Lost Titian Painting With Royal Provenance to Sell at Dorotheum
Vienna-based auction house Dorotheum will soon offer a lost Titian painting once owned by Europe’s kings and queens. The available work, titled The Penitent Magdalen, is offered with an estimate of EUR 1 million to €1.5 million (USD 1.1 million – $1.6 million). Dorotheum tracked its provenance back to Christina, Queen of Sweden, though it was also likely owned by Rudolf II, Holy Roman Emperor in the late 16th century. The auction house noted in a press release that this formerly lost Titian painting will appear at auction for the first time in 150 years.
The image of the penitent Mary Magdalene has a respected place in Western art history, as well as in Titian’s own body of work. The motif shows up again and again in his oeuvre. This can be partially attributed to Renaissance fashions. Centuries prior, artists began to associate the Biblical figure of Mary Magdalene with an unnamed woman who falls to her knees before Christ, repents her sins, and bathes his feet in oil. This association gave the penitent Magdalene distinct characteristics: long hair, a jar of ointment, and occasionally a human skull or other memento mori object. Mary Magdalene became a recognizable and appealing subject for commissioned paintings.
Early Renaissance-era collectors requested countless depictions of Mary Magdalene. Her figure was increasingly humanized and sexualized starting in the 16th century, which may have contributed to the rise of the penitent Magdalene theme. Artists started to show her as shapely but suffering, free but despairing. Titian understood this appeal. He made variations on the penitent Magdalene image throughout his career, adding slight variations to each commission. These details could range from the background composition to the color of Mary Magdalene’s ribbons.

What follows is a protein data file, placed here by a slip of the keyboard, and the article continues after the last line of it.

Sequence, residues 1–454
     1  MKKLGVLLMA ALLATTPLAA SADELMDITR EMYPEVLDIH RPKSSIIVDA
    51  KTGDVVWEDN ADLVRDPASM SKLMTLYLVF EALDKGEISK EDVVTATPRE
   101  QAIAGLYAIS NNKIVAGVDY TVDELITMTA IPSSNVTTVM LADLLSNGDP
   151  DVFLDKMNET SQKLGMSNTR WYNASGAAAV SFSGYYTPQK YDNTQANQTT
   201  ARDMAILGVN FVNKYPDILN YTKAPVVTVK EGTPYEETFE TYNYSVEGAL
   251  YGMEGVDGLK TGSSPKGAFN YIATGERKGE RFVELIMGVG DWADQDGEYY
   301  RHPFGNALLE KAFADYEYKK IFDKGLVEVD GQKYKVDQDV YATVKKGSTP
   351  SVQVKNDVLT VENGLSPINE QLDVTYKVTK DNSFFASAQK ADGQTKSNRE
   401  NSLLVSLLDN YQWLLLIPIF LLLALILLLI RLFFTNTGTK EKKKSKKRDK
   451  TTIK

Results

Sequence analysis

There are several notable differences in this lost Titian painting compared to the artist’s previous works. The background opens to a lush, vibrant view of the French countryside instead of a more airy glimpse of the sky. Before Mary Magdalene rests a glass flagon, an open book, and a human skull. The present painting shares similar characteristics to works Titian completed in the 1550s, including a version that sold with Christie’s for GBP 704,750 (USD 919,700) in 2018. That Penitent Magdalen used a lighter palette with fewer intense colors, in addition to differences in the subject’s attire. While a white shift is tucked into Mary Magdalene’s striped mantle in the Christie’s painting, the lady tightly grasps the free piece of lace in the Dorotheum version. Similar variations of Titian’s The Penitent Magdalen appear in the Royal Collection.
Before coming to auction, this painting was long considered lost. Nevertheless, it boasts an impressive provenance. Experts suspect that the work first belonged to Rudolf II, Holy Roman Emperor in the late 16th century. It most likely traveled to Sweden after the Sack of Prague in 1648 following the Thirty Years War. The painting then remained in the celebrated art collection of Christina, Queen of Sweden, an unconventional and enigmatic ruler who abdicated the throne at the age of 28. She is most frequently described as a flamboyant figure who flaunted conventions, sparked countless rumors, and enjoyed the benefits of a sterling education. After Christina’s death, the painting passed through several hands before being acquired by Philippe II, Duke of Orléans and a series of English lords.
Dorotheum will offer the lost Titian painting during its Old Master Paintings sale on May 11th, 2022. The live bidding will start at 4:00 PM CEST (10:00 AM EDT). Visit Dorotheum’s website for more information.
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